What Does Celluloid Look Like?
Most people recognize the pale yellow pieces with graining meant to simulate ivory as celluloid these days. In fact, celluloid was often referred to as “French Ivory” in its heyday to give it a little more snob appeal and is sometimes marked as such, although the composition has nothing at all to do with genuine ivory harvested from animal tusks. Another similar term, Ivory Pyralin, is sometimes found stamped on these pieces as well.
Celluloid took many forms and colors during the time it was being used. It was inexpensive, easy to work with and durable when new, which isn’t surprising since so many pieces made of this composition turn up for sale now. If you look around you can find knife handles, holiday decorations, razors, hair ornaments, dresser sets and even jewelry made up of celluloid.
While some of these items, especially dresser sets, can be found in the common pale yellow coloring, there are many other ways this plastic was colored and decorated. Take celluloid jewelry as an example.
Some celluloid bangle bracelets decorated with row upon row of colorful rhinestones can be worth several hundred dollars apiece to the right person. This rivals prices being paid for jewelry made of another popular vintage plastic, Bakelite, also known as Catalin. In comparison, celluloid is much lighter in weight and density than Catalin.
Is Celluloid Dangerous?
Some collectors don’t realize is that celluloid is an extremely flammable substance, especially since seemingly harmless items like dolls and toys were made with it, and should be kept away from heat sources. In fact, an article on the Oregon Knife Club’s website attributes this detrimental characteristic of celluloid to be the reason it wasn’t used much after 1940. It’s also important not to store celluloid objects in an area prone to extreme heat such as an attic to avoid combustion.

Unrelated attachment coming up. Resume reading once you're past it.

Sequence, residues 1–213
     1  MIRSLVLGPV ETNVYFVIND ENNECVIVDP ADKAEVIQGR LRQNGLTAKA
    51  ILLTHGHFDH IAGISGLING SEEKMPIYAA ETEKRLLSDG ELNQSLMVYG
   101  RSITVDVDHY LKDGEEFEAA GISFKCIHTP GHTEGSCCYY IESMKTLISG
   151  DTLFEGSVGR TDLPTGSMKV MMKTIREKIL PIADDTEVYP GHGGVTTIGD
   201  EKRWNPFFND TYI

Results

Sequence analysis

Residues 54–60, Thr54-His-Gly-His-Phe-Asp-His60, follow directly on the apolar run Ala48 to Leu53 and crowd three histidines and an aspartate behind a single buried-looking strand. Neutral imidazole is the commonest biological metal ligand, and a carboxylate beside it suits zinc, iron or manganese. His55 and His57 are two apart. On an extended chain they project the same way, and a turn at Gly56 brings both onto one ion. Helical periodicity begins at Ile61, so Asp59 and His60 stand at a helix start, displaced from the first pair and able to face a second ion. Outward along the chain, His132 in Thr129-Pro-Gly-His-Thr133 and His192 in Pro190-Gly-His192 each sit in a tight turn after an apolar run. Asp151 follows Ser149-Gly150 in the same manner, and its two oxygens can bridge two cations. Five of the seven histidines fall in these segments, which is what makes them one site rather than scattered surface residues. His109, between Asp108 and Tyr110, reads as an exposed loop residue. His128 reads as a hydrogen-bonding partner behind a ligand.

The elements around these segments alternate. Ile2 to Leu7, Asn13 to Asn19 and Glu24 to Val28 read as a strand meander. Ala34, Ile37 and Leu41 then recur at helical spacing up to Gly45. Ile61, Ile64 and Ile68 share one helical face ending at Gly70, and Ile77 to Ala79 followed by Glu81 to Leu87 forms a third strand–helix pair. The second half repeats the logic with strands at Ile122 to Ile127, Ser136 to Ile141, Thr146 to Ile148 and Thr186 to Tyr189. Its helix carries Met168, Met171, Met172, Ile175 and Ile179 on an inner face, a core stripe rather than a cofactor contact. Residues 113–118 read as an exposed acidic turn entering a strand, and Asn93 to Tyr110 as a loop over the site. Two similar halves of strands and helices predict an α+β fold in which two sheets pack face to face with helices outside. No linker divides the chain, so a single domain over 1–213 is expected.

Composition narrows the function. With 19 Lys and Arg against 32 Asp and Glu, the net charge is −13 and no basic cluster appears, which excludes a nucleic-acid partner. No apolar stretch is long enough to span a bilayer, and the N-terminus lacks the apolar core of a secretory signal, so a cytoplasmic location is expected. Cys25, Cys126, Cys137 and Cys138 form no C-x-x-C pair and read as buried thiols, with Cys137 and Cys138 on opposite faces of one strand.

Celluloid products have also been reported to emit fumes that can damage metal, specifically that used in jewelry and knife blades, so it’s not a good idea to store your vintage treasures made of celluloid in an airtight container or sealed in a plastic bag, especially with other items.
All in all, however, celluloid antiques and collectibles are not dangerous as long as they are stored properly and kept away from open flames or extreme heat sources.
Why Do Some Pieces of Celluloid Deteriorate?
While celluloid was initially durable as a utility product, one downside to collecting this plastic is that some pieces don’t seem to hold up well over time and can often chip, crack and crumble. Collectors refer to this as celluloid disease or celluloid rot. And while a definitive cause for this isn’t known, they’ve also discovered that it can transfer from one piece to another.
The Oregon Knife Club’s website also notes that clear or light colored celluloid items appear to be more prone to this phenomenon. Why? It’s supposed that agents supplying the color to darker celluloid batches act as binding agents making the substance more chemically stable and thus thwarting, or at least slowing down, the deterioration process.
If you have a collection of celluloid items, whether that translates into jewelry, knives, purses or razors, be sure to examine them from time to time to make sure that none are brittle or showing signs of cracking or flaking. If they are, it’s time to tell them goodbye for the sake of the rest of your collection.
Pieces in good condition should be stored where they can breath. Also take care to keep them from touching to avoid transferring celluloid rot from piece to piece should that unfortunately crop up among a collection.